Date of Award

Winter 2014

Project Type


Program or Major


Degree Name

Master of Science

First Advisor

Aaron B Margolin

Second Advisor

Elise R Sullivan

Third Advisor

David J Spiro


Enteroviruses are pathogens which exist in water sources, and are passed via the fecal-oral pathway. These viruses are of public health concern due to the high occurrence globally of human infections and potential for serious illness or death. Current methods employed by the EPA for the detection of enteroviruses involve using both cell culture and quantitative PCR (qPCR). Laboratories working with samples independent of the EPA often use a detection method that integrates cell culture and qPCR (ICC/qPCR). Substituting suspension cultures for traditional monolayers has been proposed as a less expensive alternative method with higher sensitivity than traditional monolayers while using ICC/qPCR. Therefore, the ICC/qPCR method was investigated to determine the relationship between incubation periods of cultures post infection as a function of the initial virus concentration as needed for detection using both monolayer and suspension cultures.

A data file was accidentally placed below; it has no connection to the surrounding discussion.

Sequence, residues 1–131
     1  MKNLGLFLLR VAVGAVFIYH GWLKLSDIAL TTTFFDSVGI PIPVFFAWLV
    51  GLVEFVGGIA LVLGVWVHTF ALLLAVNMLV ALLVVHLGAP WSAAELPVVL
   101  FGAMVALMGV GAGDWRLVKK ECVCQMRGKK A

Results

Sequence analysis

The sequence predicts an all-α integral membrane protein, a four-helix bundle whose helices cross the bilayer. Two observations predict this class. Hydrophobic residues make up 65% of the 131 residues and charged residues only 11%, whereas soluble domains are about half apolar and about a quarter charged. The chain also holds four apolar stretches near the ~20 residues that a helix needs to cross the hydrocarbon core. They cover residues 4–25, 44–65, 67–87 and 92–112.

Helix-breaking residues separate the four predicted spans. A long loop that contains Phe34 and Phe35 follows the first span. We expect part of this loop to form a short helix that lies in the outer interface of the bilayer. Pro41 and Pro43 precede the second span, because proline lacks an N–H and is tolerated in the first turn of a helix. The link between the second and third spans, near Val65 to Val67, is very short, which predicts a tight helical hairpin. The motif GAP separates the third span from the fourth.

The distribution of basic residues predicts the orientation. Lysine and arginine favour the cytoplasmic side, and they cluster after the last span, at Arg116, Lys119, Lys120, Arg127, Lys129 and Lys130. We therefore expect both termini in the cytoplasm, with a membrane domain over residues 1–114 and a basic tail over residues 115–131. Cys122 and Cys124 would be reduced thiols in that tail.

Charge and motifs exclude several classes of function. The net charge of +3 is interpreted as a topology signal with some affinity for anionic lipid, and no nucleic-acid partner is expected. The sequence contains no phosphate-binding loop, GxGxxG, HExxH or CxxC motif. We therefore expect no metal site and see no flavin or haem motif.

Varying concentrations of poliovirus were added to polypropylene tubes or cell culture flasks containing 5 ml of cells and media. Samples were incubated in 24 hour intervals for 6-7 days prior to extraction and qPCR. Later, incubation intervals were reduced to 8 hour intervals for 48 hours. Using 100 PFU/ml, it was determined no significant improvement in detection was obtained after incubating cells in either suspension or monolayer cultures after 24 hours. Seeded surface water samples, both treated and untreated, were subjected to the suspension culture protocol. Virus was detected in all samples, with no significant increase in enterovirus nucleic acid detected after 32 hours. The suspension ICC/qPCR protocol is as effective as the monolayer protocol in detecting enteroviruses in water, and can therefore be used as opposed to using tradition cell culture materials. In addition, as there is no increase in viral concentration after 24-32 hours post infection a reduction in overhead costs is obtainable by eliminating extended incubation periods.